Johnson & Johnson’s Covid-19 vaccine should not replace second dose of the Moderna or Pfizer vaccines except in “exceptional situations,” says the US Centers for Disease Control and Prevention.
“Any of the currently authorized Covid-19 vaccines can be used when indicated, ACIP does not see a product preference,” said Dr. Sarah Mbaeyi, CDC medical officer Tuesday during the CDC Clinician Outreach and Communication Activity call.
“However, the Covid-19 vaccines are not interchangeable, and the safety and efficacy of a mixed product series has not been evaluated,” she said. “We don’t want people to just start mixing and matching with whatever is easiest to get.”
The CDC currently recommends two dose series for both the Pfizer and Moderna vaccines. The second dose of the Pfizer vaccine should be administered three weeks after the first, while people should wait four weeks before receiving the second dose of the Moderna vaccine.
If there are delays, the second dose can be administered up to six weeks after the first, according to updated CDC guidance, Mbaeyi said.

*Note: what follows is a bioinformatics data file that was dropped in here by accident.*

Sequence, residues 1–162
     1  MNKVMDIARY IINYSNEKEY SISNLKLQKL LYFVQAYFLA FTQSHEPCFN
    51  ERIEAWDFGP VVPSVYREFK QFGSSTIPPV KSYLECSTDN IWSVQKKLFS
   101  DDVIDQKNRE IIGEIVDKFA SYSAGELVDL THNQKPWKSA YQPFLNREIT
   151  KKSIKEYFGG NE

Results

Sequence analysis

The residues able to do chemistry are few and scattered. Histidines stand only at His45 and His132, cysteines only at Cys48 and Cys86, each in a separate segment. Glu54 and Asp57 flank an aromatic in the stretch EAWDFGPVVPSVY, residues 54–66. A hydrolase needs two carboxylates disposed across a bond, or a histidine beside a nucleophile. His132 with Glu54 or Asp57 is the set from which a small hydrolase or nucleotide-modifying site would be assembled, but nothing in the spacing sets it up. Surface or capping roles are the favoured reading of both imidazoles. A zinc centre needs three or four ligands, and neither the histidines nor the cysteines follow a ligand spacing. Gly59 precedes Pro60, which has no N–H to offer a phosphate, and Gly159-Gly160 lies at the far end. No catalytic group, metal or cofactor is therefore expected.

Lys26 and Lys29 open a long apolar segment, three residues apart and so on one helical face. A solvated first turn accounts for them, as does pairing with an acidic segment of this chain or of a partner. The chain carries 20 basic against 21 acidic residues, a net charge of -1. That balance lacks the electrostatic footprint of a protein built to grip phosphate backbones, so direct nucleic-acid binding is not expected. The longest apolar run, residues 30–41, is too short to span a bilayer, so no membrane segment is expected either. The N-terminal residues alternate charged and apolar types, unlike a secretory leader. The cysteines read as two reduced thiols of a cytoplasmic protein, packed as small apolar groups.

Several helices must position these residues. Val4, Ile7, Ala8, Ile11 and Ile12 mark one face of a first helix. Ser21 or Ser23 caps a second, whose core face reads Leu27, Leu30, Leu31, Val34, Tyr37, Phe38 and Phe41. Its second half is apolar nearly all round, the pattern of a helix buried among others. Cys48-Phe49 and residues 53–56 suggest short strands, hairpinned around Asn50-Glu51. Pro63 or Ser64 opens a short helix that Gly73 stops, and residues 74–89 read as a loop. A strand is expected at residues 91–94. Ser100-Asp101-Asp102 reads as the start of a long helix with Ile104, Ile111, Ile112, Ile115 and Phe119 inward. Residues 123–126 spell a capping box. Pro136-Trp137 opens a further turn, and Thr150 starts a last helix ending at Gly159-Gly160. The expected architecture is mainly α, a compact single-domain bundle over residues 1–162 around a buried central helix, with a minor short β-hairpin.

However, the CDC did say that in the rare circumstance a person is unable to receive their second Pfizer or Moderna dose, they can receive the Johnson & Johnson vaccine. But it must have been at least 28 days since receiving their first dose.
Mbaeyi added that it would be extremely unlikely that someone would be in this circumstance and people should not substitute the Johnson & Johnson vaccine if there’s “temporary unavailability of Pfizer or Moderna.”
The CDC is also recommending against fully vaccinated people signing up to receive the Johnson & Johnson vaccine.
“If somebody has completed a series, so they’ve gotten their Pfizer or Moderna series, they are considered vaccinated,” Mbaeyi said. “They do not need any additional Janssen vaccine to kind of boost their protection, and we’re recommending against that.”
The CDC clinical considerations will be updated to include Johnson & Johnson viral vector vaccine.